Clackamas County stops short on tolling opposition
Clackamas County officials say they are taking a "values-based approach" rather than outright opposition to tolling in recognition that ODOT has the "existing authority to implement tolling" and continues advancing the concept.
County commissioners this week adopted the set of "values" to guide how transportation in the metro region should be funded. The one-page document issued Thursday, April 15, stopped short of calling on the legislature and Oregon Department of Transportation to divert their focus from potential plans to implement tolls.
County officials see ODOT's plans as a stop gap against declining gas tax revenue which would typically fund projects such as the widening of Interstate 205 and renovation of the Abernethy Bridge.
Instead of opposing the proposed tolls completely, county commissioners are calling on lawmakers and ODOT to give the county certain assurances that local motorists will reap the benefits of the tolls they pay and that these efforts prioritize certain principles such as equity, safety, health and disaster resilience among others.
"Most everyone is against tolling," said Commissioner Paul Savas, "No one wants to pay for something they believe they are already paying for just to go to work or take their kids to school. However, if the legislature insists on tolling or congestion pricing, Clackamas needs to be in a leadership position to assure our residents receive benefit for the toll they pay. These values should get us there."
The document outlines 13 points that the board believes are critical to ensuring Clackamas County residents' best interests as the legislature and ODOT approve road funding. Some of those recommendations include mundane guidance such as supporting the timely allocation of funds to construct projects with statewide significance as outlined in the Keep Oregon Moving transportation package of 2017 and supporting necessary improvements to accommodate projected growth. Others cut to deeper issues like elevating engagement with people who have historically been left out of transportation policy conversations such as low-income families and local communities of color. Establishing viable transportation alternatives in areas where service is currently inadequate is another guideline that hits on underlying issues Clackamas County leaders have harped on over the past two decades as public-transit options in Multnomah and Washington counties have far outpaced their southern neighbor.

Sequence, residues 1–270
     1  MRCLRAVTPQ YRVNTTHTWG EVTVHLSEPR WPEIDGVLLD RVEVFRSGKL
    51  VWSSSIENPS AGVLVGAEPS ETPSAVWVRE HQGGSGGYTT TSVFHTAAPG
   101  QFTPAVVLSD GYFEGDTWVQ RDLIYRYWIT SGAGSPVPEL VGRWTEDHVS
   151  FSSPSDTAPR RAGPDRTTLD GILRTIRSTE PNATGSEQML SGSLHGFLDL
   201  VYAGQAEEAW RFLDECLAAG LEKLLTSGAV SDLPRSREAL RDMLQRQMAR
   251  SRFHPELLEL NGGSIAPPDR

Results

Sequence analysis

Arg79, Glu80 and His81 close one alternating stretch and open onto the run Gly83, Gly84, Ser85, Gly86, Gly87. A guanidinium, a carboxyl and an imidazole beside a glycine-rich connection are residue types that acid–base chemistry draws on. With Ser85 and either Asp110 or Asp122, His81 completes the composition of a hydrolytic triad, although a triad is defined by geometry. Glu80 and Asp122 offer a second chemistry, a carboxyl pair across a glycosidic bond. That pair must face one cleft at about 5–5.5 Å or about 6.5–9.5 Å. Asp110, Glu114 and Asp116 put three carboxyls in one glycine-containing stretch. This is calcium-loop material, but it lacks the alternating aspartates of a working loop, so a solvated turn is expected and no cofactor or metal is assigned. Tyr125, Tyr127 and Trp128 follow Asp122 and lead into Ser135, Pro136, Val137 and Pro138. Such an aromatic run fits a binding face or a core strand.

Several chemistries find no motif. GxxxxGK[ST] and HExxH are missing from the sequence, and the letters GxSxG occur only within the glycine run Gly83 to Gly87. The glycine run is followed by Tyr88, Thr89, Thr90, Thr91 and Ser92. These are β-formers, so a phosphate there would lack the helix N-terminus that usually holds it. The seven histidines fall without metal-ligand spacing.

On tolling specifically, the list of values ask that any tolling or "congestion pricing" never occur on any one specific stretch of the interstate system prior to implementation across the entire system as to avoid economic disadvantages or unfairly burden certain communities and businesses.
County guidelines request that safe and efficient evacuation routes are upgraded and ready for potential natural disasters such as earthquakes and wildfires — which are persistent threats to the residents of Clackamas County, who have dealt with three major events in under a year.
Lastly, the county list asks state policy makers to consider how they might mitigate impacts on Clackamas County's smaller roads if congestion pricing or tolling causes diversion of traffic onto its surface streets, and how health, safety and equity might be impacted by that.
At the bottom of the document, the board included a disclaimer saying that it is not an endorsement or acceptance of any proposal to implement tolling or congestion pricing on I-205, as the county believes it will have a disproportionate and detrimental effect on Clackamas residents, businesses and visitors.
""Regional conversations are happening about how our transportation system will be funded that will significantly affect the residents of Clackamas County," said County Chair Tootie Smith. "We need to be a leader at the table and ensure the needs of our residents and businesses are represented."
Clackamas County lawmakers including House Minority Leader Rep. Christine Drazan, R-Canby, and Rep. Mark Meek, D-Oregon City, have signed onto a bill that would prohibit the Oregon Transportation Commission from implementing any toll on I-205 unless its used to build additional capacity. The bill — HB 2629 — was referred to the legislature's joint committee on transportation back in January where it hasn't seen any movement. Nevertheless, the bill remains alive following the April 13 deadline for a work session due to it being assigned to a joint committee.
You count on us to stay informed and we depend on you to fund our efforts. Quality local journalism takes time and money. Please support us to protect the future of community journalism.